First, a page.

Williams argues that she "has indeed presented evidence of a mental impairment that has more than a minimal effect on her ability to do basic work activities." JS at 11.

However, Williams does not cite any evidence in the record indicating any effect on her ability to work. Id. As noted above, the ALJ concluded that, in the medical records, "[t]here were no indications of any work-related limitations." A.R. 12; see Carmickle, 533 F.3d at 1165 (affirming finding that carpal tunnel syndrome was not a severe impairment at step two where "the medical record does not establish any work-related limitations as a result of this impairment"). Williams did not identify any work-related limitations from depression in her testimony. A.R. 281-282. The ALJ did not err.*fn7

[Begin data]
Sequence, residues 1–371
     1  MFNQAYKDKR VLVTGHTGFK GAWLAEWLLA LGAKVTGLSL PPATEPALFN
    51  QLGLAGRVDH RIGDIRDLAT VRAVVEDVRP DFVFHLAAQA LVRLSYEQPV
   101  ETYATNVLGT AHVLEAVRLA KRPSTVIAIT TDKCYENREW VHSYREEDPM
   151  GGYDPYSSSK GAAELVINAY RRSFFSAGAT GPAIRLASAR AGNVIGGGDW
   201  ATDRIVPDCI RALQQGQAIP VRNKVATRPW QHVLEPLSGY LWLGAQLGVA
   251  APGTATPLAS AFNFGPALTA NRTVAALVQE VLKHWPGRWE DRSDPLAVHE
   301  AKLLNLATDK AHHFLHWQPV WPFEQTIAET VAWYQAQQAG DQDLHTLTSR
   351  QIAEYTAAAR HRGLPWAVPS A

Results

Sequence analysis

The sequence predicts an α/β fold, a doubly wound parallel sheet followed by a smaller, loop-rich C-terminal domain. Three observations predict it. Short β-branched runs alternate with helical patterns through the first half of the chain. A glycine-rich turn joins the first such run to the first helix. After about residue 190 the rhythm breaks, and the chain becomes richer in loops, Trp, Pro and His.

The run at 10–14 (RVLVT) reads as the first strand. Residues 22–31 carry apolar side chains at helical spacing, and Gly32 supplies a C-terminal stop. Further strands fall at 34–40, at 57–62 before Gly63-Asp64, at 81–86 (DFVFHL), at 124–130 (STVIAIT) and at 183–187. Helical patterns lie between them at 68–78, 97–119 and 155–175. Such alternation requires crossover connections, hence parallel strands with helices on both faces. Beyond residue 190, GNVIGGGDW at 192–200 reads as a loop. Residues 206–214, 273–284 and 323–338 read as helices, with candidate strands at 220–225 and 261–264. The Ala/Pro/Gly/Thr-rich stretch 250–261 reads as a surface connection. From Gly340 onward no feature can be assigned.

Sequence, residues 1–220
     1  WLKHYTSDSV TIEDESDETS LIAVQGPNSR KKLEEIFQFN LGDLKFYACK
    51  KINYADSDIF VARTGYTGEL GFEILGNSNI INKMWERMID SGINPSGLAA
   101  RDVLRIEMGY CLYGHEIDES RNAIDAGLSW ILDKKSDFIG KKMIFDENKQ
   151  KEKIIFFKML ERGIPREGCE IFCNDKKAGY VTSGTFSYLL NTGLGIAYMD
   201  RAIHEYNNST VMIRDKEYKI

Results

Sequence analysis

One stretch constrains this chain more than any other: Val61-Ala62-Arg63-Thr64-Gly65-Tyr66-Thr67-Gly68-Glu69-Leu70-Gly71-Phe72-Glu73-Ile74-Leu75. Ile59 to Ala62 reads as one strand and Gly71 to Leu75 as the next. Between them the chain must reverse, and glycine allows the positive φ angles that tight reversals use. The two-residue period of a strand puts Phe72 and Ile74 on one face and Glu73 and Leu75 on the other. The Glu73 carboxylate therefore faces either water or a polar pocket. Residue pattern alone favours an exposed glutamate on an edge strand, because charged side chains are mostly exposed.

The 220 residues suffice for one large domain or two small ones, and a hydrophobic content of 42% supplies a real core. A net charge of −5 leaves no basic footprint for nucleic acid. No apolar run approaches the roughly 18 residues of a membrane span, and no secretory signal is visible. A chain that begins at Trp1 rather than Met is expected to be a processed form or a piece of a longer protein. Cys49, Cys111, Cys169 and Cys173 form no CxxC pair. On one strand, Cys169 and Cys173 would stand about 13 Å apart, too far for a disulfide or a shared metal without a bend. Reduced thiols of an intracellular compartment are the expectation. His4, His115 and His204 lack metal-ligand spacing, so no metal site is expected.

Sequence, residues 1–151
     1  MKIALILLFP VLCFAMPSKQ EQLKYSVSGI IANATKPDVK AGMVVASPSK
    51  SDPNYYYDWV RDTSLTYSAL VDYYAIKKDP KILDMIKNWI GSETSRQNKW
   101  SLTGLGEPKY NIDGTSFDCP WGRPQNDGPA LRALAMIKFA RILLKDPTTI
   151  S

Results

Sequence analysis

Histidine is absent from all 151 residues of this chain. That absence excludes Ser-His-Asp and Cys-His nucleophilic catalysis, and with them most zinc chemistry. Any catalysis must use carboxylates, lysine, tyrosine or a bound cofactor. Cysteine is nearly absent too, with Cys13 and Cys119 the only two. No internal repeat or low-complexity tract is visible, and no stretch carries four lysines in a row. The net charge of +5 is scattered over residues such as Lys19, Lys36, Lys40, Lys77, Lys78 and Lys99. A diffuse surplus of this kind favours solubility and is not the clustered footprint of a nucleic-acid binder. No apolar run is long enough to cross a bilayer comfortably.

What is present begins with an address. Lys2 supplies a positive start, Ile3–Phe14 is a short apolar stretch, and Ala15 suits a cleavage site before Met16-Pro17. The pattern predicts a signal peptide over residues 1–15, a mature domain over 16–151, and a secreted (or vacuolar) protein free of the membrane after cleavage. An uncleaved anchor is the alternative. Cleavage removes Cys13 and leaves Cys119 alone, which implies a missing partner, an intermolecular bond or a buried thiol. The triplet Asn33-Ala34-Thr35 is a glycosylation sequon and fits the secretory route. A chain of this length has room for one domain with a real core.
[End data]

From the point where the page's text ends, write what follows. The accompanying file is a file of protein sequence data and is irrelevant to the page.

IT IS HEREBY ORDERED that the decision of the Commissioner is affirmed.

IT IS FURTHER ORDERED that the Clerk of the Court serve copies of this Order and the Judgment herein on all parties or their counsel.